Though it depresses me somewhat to realize it, it was now close to two decades ago when I discovered the leading light of what came, in the 1990s, to be called the "Radical Orthodoxy" movement: John Milbank. Indeed, I flew down to the University of Virginia, where he was briefly a professor, to interview with him and ask him to direct my doctoral dissertation there. But he quickly repaired back to England after 9/11, and that was the end of that. Still, his book Theology and Social Theory: Beyond Secular Reason, which was originally published in 1990, has remained a hugely influential work, worth the price of admission for its ringing opening line alone: "Once, there was no 'secular'."
He has returned to that theme and those arguments over the years in various articles, and now in a forthcoming book: Beyond Secular Order: The Representation of Being and the Representation of the People (Wiley-Blackwell, 2014), 298pp. About this book we are told:
Beyond Secular Order is the first of a two-volume work that expands upon renowned theologian John Milbank’s innovative attempt to understand both theology and modern thought begun in his previously published classic text Theology and Social Theory. Highlights:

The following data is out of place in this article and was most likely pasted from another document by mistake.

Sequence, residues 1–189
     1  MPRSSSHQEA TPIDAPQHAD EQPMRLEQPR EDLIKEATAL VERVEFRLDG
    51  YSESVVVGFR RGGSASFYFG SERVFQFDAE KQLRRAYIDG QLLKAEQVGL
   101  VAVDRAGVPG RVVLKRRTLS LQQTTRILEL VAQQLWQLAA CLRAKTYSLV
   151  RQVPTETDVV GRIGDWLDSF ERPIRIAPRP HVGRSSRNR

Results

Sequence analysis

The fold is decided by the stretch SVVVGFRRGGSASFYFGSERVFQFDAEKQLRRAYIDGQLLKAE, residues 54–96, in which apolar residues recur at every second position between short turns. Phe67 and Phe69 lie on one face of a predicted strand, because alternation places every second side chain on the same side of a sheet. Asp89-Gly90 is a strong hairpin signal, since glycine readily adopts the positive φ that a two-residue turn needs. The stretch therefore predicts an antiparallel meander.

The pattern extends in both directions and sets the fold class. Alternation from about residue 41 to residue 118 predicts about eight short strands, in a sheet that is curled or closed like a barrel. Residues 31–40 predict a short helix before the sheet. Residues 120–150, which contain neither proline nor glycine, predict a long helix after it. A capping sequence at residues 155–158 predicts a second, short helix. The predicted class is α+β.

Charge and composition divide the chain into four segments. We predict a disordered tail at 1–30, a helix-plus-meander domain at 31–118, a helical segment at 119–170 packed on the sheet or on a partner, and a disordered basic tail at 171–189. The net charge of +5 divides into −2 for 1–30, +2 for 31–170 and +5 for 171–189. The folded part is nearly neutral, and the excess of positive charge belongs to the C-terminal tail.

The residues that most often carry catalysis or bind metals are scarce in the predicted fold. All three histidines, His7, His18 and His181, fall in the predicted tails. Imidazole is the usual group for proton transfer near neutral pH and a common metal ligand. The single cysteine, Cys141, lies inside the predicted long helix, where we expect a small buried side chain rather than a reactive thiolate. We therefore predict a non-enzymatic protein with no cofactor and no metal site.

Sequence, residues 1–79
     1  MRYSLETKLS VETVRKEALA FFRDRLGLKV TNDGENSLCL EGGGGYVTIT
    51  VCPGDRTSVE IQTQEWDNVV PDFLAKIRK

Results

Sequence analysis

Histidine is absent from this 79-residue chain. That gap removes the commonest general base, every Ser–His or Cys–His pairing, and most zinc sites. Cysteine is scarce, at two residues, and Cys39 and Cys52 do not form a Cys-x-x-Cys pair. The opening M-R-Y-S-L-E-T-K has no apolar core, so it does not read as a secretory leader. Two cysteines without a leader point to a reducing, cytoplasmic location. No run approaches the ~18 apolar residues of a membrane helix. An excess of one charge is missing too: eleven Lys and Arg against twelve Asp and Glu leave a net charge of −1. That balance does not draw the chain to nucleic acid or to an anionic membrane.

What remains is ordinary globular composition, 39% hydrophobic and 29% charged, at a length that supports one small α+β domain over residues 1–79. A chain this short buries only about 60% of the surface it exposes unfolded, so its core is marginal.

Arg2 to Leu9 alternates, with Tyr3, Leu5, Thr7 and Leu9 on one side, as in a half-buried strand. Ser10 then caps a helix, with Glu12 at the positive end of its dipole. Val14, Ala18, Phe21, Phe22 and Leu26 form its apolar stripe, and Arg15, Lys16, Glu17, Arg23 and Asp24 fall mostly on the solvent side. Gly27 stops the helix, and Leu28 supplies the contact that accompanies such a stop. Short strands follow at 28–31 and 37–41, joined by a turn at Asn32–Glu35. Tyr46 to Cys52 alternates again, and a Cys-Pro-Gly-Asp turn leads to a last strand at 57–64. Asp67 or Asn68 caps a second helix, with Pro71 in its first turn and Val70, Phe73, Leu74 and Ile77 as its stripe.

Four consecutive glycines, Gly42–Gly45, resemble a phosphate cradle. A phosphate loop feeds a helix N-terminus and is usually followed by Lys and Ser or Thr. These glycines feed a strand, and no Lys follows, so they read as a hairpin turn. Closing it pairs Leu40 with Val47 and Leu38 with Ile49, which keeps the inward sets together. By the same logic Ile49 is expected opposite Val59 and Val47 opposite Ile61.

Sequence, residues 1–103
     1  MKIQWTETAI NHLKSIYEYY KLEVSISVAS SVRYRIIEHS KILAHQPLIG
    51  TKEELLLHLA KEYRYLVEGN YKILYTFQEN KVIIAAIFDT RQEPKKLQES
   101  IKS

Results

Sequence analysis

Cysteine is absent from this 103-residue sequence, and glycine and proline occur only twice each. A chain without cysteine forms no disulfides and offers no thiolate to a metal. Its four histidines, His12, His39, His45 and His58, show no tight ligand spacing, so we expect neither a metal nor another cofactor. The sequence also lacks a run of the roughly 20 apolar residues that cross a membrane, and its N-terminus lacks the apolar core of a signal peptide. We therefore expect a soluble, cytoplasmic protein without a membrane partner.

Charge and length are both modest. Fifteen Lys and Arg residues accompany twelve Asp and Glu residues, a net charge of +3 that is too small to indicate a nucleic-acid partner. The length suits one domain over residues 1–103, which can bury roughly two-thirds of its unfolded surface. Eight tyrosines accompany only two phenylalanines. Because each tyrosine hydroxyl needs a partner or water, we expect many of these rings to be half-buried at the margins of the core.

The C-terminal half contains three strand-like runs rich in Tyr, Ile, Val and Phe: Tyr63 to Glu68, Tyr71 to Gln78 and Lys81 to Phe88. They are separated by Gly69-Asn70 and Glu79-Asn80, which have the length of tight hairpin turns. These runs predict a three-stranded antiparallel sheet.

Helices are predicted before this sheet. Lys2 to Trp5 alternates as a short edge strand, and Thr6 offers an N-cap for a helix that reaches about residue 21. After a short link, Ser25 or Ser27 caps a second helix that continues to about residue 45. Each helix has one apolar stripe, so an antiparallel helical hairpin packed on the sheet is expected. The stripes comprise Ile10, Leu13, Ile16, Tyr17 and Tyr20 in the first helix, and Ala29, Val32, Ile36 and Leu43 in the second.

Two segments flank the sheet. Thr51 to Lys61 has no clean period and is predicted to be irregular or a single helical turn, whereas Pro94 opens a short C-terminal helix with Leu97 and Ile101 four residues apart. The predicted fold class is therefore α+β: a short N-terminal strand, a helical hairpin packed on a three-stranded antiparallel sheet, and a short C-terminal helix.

- Continues Milbank’s innovative attempt to understand both theology and modern thought begun in Theology and Social Theory – considered a classic work in the development of systematic theology
- Authored by one of the world’s most influential and highly regarded contemporary theologians
- Draws on a sweep of ideas and thinkers to argue that modern secularism is a form of Christian heresy that developed from the Middle Ages and can only be overcome by a renewed account of Christendom
- Shows how this heresy can be transformed into a richer blend of religion, modernity and politics
- Reveals how there is a fundamental homology between modern ideas about ontology and knowledge and modern ideas about political action, expressed in both theory and practice